Even if I weren’t still fuming over losing the bald-eagle-imprinted fuzzy blanket in a conniving game of white elephant, I would say that this whole gift exchange thing doesn’t do much for me. I am no Scrooge. I love the holidays. I celebrate as hard as anyone — blacking out at the company party, getting fatter and jollier by 15-20 percent over four weeks, and pumping my fist when TBS airs the Saved by the Bell Christmas episode when Zack tries to bang the homeless girl.
I just don’t like presents. If there is something I want, I will buy it myself because I am an employed adult. If I can’t afford it, then I certainly wouldn’t feel right accepting it from someone else. Gifts should stop at the same time the charade of Santa Claus does. Because at that point, their origin changes from an infinite North Pole to a zero-sum game in which a loved one has to pay for it.
First-generation Asian immigrants generally do not bother going through the motions of Santa for very long. If it weren’t for sweet Aunt Jane, the one who read me The Ugly Duckling and taught me compassion, my extended family might not have made an effort in the first place. Aunt Jane kept up a valiant fight against her Communist in-laws but could not stop the inevitable transition from Christmas presents to red packets of cash while the kids were still in elementary school. Sometimes my parents ran out of red packets and just slipped us twenties like we were miniature drug dealers.
It sounds cheerless and lame, but I prefer neither cash nor gifts. If you feel the need to show that you care, the best way to do that is with a hug, an email, or most sensibly, how you treat me the other 364 days of the year. If you want me to make a Christmas list, it’s the same one every year: food, water, shelter, sex and health. For everyone I care about and really humanity in general.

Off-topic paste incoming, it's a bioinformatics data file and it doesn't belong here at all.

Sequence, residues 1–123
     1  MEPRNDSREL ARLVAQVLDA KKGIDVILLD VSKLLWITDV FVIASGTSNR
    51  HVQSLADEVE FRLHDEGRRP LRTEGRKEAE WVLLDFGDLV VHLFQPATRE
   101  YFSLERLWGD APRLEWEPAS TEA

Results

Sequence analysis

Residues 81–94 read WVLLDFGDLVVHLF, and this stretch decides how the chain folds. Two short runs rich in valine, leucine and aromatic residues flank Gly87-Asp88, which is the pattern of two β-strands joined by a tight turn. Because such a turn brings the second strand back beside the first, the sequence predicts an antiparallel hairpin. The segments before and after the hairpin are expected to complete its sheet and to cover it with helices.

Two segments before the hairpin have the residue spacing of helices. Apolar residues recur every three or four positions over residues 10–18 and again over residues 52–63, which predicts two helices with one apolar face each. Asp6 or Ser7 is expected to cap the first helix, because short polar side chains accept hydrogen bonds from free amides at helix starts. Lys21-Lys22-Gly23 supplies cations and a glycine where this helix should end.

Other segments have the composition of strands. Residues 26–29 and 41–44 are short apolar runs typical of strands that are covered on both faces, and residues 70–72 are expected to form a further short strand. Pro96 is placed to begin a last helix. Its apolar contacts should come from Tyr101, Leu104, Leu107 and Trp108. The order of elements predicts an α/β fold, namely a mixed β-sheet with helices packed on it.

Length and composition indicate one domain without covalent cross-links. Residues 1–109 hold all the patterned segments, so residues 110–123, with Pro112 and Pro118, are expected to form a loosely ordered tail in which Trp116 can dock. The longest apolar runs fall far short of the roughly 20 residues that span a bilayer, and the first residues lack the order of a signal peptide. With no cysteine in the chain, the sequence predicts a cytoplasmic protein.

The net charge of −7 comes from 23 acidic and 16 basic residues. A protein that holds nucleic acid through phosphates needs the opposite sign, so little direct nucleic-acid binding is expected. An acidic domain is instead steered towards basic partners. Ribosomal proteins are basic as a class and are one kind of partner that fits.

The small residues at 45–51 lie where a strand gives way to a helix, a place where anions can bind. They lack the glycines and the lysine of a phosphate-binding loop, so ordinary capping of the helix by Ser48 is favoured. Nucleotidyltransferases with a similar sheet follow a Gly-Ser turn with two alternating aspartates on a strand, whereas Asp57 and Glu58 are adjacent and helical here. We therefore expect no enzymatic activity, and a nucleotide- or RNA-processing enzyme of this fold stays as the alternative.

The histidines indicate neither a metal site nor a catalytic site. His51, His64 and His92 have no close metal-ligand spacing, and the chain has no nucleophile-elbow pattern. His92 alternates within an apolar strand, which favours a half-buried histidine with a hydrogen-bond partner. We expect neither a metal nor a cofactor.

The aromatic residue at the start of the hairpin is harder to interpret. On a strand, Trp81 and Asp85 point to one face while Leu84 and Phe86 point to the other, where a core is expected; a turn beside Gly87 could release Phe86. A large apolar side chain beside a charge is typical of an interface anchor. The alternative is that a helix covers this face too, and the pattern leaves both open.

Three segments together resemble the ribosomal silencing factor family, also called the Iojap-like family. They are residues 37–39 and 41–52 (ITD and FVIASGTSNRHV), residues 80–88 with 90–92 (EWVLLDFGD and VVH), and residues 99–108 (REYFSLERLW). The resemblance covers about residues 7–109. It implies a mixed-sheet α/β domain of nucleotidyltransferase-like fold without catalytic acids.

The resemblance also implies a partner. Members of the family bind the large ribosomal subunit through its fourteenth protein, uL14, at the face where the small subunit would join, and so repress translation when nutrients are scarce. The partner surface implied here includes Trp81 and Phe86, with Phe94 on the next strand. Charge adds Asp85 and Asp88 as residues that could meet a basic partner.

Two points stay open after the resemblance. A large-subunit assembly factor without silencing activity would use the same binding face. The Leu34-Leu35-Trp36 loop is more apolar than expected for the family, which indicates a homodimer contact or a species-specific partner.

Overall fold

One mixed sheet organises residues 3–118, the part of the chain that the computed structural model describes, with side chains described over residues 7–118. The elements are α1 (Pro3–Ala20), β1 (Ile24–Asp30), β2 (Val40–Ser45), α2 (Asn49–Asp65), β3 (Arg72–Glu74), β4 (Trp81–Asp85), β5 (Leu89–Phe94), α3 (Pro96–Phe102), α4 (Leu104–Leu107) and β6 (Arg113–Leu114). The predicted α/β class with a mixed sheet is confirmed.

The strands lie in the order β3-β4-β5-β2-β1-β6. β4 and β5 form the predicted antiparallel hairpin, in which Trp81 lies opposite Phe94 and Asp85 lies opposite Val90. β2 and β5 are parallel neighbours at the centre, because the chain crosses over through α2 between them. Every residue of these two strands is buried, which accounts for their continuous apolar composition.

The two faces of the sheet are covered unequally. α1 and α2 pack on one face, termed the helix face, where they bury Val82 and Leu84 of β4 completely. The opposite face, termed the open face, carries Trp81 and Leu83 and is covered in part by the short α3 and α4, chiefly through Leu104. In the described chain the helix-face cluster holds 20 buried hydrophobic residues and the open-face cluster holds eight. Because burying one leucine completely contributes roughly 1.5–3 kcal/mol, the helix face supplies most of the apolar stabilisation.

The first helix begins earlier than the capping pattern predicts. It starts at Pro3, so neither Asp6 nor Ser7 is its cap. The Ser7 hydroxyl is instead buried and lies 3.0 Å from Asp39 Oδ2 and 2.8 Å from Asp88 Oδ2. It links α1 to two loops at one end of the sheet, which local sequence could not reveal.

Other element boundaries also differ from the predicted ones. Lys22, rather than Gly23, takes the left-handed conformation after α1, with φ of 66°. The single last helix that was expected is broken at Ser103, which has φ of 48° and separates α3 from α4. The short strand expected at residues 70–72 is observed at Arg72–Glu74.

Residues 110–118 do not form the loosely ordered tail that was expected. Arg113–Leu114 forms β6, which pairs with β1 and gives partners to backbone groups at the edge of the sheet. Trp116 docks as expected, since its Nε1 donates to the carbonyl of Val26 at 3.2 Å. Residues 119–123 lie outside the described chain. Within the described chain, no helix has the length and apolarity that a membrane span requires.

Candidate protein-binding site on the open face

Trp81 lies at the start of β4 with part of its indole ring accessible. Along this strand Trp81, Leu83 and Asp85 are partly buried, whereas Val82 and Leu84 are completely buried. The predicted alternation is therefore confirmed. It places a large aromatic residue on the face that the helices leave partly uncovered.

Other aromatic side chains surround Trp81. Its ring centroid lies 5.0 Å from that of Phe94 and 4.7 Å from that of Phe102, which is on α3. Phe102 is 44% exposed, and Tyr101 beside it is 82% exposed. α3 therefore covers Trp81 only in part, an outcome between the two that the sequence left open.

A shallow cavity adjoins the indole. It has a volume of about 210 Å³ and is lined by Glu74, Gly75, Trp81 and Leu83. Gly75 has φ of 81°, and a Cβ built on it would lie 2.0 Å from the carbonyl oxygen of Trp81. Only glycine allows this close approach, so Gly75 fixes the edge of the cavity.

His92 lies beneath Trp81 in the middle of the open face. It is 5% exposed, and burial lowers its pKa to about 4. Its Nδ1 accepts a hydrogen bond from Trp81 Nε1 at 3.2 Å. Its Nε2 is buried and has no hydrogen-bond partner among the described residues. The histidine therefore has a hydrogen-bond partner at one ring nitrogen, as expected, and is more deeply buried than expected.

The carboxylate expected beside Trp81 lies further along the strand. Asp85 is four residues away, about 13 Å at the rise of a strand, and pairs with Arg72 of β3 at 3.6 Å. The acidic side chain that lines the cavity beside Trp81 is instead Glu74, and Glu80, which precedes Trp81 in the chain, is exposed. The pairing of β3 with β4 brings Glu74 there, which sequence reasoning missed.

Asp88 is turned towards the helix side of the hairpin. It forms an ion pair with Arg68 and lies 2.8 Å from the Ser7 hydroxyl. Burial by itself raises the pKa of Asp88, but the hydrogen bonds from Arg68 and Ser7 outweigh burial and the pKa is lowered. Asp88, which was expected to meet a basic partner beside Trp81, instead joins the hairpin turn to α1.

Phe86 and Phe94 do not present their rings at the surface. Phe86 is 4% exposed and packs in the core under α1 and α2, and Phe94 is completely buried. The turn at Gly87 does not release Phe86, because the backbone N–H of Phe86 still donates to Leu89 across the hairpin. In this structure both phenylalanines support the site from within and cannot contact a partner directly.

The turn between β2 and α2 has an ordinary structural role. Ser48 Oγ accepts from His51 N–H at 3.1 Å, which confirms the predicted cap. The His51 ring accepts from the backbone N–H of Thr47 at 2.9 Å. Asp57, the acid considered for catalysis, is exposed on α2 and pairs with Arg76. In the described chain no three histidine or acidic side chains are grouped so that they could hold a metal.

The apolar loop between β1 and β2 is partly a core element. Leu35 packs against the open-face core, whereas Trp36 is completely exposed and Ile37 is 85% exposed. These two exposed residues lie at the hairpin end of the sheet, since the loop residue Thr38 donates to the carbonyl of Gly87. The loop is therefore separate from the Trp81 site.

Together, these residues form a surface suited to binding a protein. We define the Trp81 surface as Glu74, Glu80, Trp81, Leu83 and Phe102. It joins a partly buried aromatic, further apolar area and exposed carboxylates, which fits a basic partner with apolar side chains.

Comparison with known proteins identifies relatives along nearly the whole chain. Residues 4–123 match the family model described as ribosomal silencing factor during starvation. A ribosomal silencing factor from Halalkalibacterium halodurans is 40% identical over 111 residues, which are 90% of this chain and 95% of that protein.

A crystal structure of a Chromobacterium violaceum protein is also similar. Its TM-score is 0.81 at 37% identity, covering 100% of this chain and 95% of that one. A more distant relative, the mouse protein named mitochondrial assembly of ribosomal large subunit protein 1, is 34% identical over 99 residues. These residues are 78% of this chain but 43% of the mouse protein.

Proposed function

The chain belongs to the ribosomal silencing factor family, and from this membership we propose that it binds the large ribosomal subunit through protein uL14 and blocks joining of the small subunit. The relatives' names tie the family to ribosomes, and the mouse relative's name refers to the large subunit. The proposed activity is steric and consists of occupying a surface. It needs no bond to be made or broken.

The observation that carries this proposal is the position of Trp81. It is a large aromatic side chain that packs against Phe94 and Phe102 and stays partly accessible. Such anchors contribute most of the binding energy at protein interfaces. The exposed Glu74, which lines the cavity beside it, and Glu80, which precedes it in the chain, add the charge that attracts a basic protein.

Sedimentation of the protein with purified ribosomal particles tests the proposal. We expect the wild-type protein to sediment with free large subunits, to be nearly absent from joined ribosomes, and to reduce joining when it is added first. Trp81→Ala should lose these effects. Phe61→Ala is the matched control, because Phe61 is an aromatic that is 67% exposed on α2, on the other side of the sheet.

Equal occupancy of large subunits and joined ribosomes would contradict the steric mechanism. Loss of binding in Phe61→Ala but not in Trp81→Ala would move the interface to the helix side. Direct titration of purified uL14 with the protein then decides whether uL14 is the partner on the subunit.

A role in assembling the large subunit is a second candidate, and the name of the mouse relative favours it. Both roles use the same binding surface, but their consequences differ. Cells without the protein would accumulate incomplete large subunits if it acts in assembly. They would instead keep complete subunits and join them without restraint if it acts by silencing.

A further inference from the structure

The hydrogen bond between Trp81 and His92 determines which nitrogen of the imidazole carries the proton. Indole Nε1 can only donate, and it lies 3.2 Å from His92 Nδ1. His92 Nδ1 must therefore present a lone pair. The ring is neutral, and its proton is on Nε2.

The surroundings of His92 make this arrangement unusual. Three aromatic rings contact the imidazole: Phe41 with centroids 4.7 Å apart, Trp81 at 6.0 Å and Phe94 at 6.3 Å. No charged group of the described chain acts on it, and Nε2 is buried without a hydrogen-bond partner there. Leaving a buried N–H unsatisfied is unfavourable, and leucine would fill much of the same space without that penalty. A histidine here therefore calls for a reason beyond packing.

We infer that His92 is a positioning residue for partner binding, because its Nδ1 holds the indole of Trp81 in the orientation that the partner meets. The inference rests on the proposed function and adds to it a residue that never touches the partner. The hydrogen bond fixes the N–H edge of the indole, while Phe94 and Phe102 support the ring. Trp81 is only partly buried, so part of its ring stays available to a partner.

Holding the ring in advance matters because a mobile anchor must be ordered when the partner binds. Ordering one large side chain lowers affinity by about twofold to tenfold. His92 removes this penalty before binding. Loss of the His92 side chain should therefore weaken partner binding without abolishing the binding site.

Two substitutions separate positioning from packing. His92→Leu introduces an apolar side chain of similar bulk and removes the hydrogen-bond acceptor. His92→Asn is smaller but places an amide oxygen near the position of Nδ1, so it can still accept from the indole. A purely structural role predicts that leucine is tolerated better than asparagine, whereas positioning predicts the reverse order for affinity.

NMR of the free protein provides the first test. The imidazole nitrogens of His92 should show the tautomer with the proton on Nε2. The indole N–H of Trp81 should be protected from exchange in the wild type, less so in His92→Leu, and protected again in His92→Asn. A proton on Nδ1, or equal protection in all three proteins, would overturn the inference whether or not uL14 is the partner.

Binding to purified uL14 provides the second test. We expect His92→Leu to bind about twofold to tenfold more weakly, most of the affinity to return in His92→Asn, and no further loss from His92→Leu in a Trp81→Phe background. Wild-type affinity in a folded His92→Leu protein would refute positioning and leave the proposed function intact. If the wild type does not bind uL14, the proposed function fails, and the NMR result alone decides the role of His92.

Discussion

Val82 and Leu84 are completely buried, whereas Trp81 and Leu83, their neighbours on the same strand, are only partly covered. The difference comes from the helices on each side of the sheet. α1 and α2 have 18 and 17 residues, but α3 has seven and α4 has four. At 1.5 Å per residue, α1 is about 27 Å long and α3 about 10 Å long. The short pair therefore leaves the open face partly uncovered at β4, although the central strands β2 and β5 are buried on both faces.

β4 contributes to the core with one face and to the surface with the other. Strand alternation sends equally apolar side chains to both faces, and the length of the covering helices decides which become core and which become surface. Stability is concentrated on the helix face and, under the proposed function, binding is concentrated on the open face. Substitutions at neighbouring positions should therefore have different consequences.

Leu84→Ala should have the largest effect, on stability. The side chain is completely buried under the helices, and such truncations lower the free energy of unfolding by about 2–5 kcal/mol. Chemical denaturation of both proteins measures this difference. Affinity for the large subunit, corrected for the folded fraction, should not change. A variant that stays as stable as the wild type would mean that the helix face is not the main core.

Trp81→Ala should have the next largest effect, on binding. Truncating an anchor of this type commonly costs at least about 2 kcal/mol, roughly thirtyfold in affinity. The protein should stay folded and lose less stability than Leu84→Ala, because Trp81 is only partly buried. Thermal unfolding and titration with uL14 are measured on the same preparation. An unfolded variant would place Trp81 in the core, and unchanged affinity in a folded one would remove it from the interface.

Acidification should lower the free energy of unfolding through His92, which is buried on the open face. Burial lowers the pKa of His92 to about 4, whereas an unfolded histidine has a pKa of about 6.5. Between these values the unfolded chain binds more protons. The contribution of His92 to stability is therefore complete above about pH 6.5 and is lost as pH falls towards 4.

In other words, I am the easiest person to shop for if you just believe me when I say that I truly do not want anything from you. Whatever you give only serves to stress me out because two seconds after unwrapping it, I am already fretting about how to get you something equally nice next time to even the score. Christmas shopping sucks. That’s why everyone waits until the last minute. If it didn’t suck, we wouldn’t procrastinate. But it does suck, and like anything that sucks — taxes, homework, rent— there needs to be a deadline or it would never get done.
Of course I ended up with a girl who loves nothing more than to give presents for birthdays, housewarmings, Christmas, Hanukkah, and no special occasion whatsoever. She sent a mug to a friend in Boston the other day because it’s cold. If any buddy of mine ever receives a mug from me at any point in his life, it will contain the ashes of a loved one, a bodily fluid as a practical joke, or both under extenuating circumstances. A gift because it’s cold? Jesus Christ. (No offense Christians, not that this seems much like a Christian holiday when Walmart hosts brawls on Black Friday.)
As you can imagine, my girlfriend’s passion for giving made for a lopsided Christmas exchange this year. I got her a urine-colored Polaroid camera because she likes pictures and the color yellow. She assembled a spectacular five-part gift including a jacket that probably cost more than all of my previous ones combined. In fairness, she did force the early retirement of my 14-year-old Nautica jacket that made me look homeless. Zack Morris should have given me a buzz on that sweet cell phone of his. He would talk about how the homeless girl taught him ’tis better to give than receive, and I would agree, but only because it’s the lesser of two nuisances.
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